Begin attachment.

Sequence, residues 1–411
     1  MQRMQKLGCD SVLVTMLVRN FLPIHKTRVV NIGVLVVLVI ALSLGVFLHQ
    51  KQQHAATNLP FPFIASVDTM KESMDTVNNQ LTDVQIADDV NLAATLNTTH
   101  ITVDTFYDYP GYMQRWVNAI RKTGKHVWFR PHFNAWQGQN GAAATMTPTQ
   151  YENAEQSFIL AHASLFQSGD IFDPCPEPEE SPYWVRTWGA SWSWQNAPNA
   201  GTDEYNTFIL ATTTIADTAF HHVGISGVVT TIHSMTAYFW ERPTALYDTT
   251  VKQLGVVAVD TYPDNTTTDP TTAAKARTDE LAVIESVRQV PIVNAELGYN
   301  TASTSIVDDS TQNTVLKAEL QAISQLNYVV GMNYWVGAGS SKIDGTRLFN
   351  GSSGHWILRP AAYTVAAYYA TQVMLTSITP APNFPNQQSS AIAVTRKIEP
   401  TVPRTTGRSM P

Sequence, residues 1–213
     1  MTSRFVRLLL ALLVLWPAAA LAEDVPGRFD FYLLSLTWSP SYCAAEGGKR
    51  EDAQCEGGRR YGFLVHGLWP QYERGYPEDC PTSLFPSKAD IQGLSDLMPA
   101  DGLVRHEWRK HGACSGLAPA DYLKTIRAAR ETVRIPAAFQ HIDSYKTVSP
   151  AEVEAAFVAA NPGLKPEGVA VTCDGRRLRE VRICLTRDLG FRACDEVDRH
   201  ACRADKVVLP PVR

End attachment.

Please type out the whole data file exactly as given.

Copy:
Sequence, residues 1–411
     1  MQRMQKLGCD SVLVTMLVRN FLPIHKTRVV NIGVLVVLVI ALSLGVFLHQ
    51  KQQHAATNLP FPFIASVDTM KESMDTVNNQ LTDVQIADDV NLAATLNTTH
   101  ITVDTFYDYP GYMQRWVNAI RKTGKHVWFR PHFNAWQGQN GAAATMTPTQ
   151  YENAEQSFIL AHASLFQSGD IFDPCPEPEE SPYWVRTWGA SWSWQNAPNA
   201  GTDEYNTFIL ATTTIADTAF HHVGISGVVT TIHSMTAYFW ERPTALYDTT
   251  VKQLGVVAVD TYPDNTTTDP TTAAKARTDE LAVIESVRQV PIVNAELGYN
   301  TASTSIVDDS TQNTVLKAEL QAISQLNYVV GMNYWVGAGS SKIDGTRLFN
   351  GSSGHWILRP AAYTVAAYYA TQVMLTSITP APNFPNQQSS AIAVTRKIEP
   401  TVPRTTGRSM P

Sequence, residues 1–213
     1  MTSRFVRLLL ALLVLWPAAA LAEDVPGRFD FYLLSLTWSP SYCAAEGGKR
    51  EDAQCEGGRR YGFLVHGLWP QYERGYPEDC PTSLFPSKAD IQGLSDLMPA
   101  DGLVRHEWRK HGACSGLAPA DYLKTIRAAR ETVRIPAAFQ HIDSYKTVSP
   151  AEVEAAFVAA NPGLKPEGVA VTCDGRRLRE VRICLTRDLG FRACDEVDRH
   201  ACRADKVVLP PVR